Itaipu Hydroelectric Dam, Foz do Iguacu, State of Paraná, Brazil
If Iguazu River is home to one of the seven wonders of nature, on the Paraná River, just 38 km away, is one of the seven wonders of engineering, according to a list prepared by the United States’ Civil Engineering Association, after hearing from specialists from around the world: the Itaipu Hydroelectric Plant, a joint development by Brazilians and Paraguayans.
Responsible for almost 20% of Brazil’s electricity consumption and more than 90% of Paraguay’s, Itaipu is gigantic in all senses of the word. The largest in the world in electricity generation, Itaipu is formed by a dam measuring 7,919 meters long and 196 meters high, the equivalent of a 65-floor building.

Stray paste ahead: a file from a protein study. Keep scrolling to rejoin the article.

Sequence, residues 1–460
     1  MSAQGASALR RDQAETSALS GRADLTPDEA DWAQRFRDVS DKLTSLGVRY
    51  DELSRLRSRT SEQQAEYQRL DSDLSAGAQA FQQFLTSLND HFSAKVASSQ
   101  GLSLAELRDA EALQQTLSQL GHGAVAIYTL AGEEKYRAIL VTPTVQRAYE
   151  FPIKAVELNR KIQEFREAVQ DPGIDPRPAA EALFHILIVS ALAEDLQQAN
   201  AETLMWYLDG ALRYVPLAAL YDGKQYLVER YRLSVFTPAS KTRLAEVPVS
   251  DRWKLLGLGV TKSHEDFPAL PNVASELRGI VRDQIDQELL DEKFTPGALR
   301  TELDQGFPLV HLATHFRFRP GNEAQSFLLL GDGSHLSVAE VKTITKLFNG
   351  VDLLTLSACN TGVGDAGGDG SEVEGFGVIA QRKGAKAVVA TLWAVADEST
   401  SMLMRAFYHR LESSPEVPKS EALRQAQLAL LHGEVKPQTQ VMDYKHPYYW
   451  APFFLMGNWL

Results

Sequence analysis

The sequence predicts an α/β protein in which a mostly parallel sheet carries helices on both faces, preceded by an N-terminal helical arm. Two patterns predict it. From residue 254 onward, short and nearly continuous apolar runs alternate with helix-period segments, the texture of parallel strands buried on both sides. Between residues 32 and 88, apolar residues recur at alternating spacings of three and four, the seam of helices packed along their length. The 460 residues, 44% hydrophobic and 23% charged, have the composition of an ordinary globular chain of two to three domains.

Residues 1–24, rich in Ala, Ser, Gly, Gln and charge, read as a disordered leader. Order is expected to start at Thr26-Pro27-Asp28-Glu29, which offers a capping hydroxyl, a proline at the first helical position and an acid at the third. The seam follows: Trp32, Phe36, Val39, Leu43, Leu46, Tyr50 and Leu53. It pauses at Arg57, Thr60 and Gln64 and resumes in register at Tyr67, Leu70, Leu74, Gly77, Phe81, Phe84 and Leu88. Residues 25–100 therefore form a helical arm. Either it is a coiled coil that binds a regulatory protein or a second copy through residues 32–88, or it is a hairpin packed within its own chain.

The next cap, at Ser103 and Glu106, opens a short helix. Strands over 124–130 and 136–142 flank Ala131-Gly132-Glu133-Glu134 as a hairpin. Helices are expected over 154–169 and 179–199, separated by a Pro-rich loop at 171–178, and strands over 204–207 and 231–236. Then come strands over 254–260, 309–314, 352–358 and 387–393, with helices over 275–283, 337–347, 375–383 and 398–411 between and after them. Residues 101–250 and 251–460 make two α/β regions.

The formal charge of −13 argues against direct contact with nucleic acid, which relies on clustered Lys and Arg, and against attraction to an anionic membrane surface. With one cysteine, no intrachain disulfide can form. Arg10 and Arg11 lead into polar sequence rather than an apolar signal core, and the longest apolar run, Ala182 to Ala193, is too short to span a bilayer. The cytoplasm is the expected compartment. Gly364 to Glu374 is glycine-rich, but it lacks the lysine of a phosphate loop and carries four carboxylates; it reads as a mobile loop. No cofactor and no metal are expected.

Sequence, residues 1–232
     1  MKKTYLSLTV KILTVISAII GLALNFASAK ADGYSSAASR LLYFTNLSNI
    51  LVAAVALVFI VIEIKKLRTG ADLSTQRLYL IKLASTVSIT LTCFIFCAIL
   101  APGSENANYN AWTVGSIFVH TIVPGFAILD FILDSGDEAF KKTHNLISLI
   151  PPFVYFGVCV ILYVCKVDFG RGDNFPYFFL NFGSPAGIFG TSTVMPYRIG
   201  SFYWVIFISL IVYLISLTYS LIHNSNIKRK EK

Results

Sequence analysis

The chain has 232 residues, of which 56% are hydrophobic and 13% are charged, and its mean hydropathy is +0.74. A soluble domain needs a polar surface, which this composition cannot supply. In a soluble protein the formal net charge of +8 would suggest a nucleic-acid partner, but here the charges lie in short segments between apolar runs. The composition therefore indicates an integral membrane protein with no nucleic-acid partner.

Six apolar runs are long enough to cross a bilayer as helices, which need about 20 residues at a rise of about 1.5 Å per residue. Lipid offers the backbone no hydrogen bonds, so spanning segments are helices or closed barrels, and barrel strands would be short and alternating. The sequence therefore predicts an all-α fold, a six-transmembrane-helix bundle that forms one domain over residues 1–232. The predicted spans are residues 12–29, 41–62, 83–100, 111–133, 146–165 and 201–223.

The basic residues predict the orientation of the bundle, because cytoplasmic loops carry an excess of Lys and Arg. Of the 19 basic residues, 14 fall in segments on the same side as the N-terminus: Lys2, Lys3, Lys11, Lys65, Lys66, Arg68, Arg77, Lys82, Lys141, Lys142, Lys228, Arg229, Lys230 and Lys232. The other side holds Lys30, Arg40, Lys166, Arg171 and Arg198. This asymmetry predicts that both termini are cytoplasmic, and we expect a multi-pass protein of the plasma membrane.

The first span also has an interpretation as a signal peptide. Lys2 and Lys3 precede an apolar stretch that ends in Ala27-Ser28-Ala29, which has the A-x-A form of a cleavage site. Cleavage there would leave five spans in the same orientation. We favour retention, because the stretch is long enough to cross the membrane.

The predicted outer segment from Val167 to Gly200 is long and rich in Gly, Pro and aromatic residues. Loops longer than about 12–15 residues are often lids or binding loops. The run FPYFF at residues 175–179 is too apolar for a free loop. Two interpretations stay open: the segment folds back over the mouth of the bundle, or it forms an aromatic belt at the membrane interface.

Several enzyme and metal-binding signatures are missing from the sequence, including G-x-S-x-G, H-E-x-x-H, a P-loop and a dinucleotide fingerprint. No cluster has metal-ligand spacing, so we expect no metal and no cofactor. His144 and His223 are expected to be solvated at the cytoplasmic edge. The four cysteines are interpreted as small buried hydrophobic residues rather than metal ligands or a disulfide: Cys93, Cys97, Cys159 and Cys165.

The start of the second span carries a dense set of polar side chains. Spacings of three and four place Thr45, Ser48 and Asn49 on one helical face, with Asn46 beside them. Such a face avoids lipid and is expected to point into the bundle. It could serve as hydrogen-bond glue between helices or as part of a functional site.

Construction of the dam consumed 12.3 million cubic meters of concrete, enough to build 210 football stadiums like Maracanã, in Rio de Janeiro. The iron and steel used was enough to construct 380 towers like the Eiffel Tower in Paris.
The plant’s spillway, used to drain water not used for generation, has the capacity to discharge 62,200 m3/s, 40 times more than the average flow of the Iguassu Falls.
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